Next time I think I'll have them polished.
"gas leaking out of alloy during heating process", That is totally normal with all aluminum and the reason why aluminum parts need to be OUTGASSED which is a hot pre-bake before coating the parts.

Bubbles in powder coat is NOT your fault, and not a defective wheel either.
They should have cleaned the wheel really well themselves then pre-baked it to drive out the gasses. Aluminum is porous and stuff like brake cleaner, wheel cleaners, and other chemicals get absorbed into the pores of the aluminum. When heated the chemicals and such turn to a gas, and they will make bubbles. That is why all aluminum parts need to be Out Gassed first which is basically baking them at a higher temperature than what's needed to cure the Powder Coat.
If say the powder coat needs to be baked at 420F to cure then the part should first be baked at 475-500F to drive out the gasses. Once it's been baked at the higher temps correctly, say 500F, all the gasses should be out of the wheel that will bake out below that temperature so baking at 420F to cure the powder after it's been coated will not create any more gasses or bubbles.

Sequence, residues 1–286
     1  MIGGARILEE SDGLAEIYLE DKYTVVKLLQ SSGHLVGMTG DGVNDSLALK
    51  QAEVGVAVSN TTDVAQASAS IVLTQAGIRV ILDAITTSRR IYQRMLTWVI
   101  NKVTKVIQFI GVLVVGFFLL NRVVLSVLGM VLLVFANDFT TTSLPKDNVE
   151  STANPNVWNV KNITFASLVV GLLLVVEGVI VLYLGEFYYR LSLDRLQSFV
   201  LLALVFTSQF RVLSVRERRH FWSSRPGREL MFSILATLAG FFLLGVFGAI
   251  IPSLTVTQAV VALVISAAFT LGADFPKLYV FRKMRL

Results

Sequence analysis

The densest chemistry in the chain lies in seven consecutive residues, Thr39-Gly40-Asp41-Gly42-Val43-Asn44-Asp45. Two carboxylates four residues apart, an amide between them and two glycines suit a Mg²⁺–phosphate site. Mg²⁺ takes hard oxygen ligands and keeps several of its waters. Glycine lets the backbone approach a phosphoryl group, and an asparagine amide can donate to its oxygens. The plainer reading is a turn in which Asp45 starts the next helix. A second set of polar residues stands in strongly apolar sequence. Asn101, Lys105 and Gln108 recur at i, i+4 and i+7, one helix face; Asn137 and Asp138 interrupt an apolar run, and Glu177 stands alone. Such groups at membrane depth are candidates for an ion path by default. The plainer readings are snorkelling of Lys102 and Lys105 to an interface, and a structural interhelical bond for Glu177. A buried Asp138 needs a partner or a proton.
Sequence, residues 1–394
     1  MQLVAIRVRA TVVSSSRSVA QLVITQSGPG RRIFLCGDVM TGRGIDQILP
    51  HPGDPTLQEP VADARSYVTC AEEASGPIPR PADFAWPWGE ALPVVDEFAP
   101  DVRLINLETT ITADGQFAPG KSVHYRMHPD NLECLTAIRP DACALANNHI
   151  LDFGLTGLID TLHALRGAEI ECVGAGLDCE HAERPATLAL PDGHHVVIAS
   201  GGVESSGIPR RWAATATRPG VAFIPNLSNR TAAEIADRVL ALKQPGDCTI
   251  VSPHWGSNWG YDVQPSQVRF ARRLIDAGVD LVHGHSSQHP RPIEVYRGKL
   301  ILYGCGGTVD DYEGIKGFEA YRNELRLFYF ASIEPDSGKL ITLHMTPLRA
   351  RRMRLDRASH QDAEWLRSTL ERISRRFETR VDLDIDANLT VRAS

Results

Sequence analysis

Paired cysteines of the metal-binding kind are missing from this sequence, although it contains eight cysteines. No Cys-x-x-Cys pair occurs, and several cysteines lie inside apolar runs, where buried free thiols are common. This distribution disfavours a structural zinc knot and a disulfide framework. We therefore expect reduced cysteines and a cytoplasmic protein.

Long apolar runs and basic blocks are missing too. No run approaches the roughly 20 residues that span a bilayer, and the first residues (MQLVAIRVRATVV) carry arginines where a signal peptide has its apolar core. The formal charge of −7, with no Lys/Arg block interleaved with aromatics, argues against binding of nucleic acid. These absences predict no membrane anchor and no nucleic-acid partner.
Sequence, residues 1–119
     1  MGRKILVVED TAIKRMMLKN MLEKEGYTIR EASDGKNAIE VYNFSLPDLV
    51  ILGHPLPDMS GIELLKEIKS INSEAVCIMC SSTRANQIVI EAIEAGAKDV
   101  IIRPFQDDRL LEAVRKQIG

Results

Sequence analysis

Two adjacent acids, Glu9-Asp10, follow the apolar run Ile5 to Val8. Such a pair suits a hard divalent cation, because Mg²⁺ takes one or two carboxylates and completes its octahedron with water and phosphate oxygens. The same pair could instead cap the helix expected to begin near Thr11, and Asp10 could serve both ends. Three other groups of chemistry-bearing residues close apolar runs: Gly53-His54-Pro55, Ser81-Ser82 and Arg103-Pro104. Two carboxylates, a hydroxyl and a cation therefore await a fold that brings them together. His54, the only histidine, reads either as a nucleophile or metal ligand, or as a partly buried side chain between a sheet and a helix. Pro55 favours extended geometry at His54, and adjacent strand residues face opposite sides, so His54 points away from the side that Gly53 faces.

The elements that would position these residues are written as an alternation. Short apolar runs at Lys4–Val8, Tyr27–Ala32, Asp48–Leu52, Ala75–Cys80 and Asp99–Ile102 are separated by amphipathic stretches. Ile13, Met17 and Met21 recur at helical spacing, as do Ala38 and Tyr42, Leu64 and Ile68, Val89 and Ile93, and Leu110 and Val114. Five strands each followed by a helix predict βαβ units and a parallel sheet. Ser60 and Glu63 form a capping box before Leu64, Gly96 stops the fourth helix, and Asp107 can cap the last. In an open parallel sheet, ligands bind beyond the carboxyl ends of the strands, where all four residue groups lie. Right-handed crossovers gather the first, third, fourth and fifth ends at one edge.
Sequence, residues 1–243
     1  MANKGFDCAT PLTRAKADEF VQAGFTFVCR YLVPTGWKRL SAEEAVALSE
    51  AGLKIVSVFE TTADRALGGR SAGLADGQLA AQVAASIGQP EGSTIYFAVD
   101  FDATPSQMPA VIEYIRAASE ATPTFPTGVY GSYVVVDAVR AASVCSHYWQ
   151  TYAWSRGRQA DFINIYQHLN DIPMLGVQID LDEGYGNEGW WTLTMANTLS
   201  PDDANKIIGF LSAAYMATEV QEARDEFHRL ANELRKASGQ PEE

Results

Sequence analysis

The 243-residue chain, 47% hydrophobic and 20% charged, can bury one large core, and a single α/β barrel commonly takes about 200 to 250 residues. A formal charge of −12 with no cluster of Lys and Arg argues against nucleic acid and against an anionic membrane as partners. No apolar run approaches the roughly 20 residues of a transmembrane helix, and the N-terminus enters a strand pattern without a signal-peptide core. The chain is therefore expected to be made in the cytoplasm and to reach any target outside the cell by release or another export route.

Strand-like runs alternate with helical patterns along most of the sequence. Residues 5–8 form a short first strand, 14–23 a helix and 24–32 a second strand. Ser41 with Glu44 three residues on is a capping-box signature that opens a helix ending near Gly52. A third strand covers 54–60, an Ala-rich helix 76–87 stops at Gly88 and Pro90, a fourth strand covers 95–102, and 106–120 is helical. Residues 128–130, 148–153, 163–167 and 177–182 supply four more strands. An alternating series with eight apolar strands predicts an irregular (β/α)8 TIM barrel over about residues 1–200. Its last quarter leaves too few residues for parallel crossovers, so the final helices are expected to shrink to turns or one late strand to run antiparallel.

Bolt holes I'm not sure what's wrong. Check for any powder that may have got in them. Carefully use a thread chaser or a correct size tap to clean the threads, but be careful not to cut or damage the threads.
Masked? Did they use plugs to fill the holes or try to tape over them?
If high temp tape, it could have let some powder under if not sealed down really well. Powder gets everywhere when spraying, it's a very fine dust.
Plugs should have sealed the bolt holes and not let in any powder.

If you had to clean out areas of gunk before putting the bearings in, it sounds like a sloppy job to me. What kind of gunk? You mean powder coat over spray or what?

By the way, Aluminum needs to be out gassed as I said, but steel does not as it's not porous. Do they actually do aluminum parts much?
 

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I have a powder coating gun (set up) and was thinking of making my own oven (wife won't let me use hers anymore......) and taking a crack at doing the wheels myself.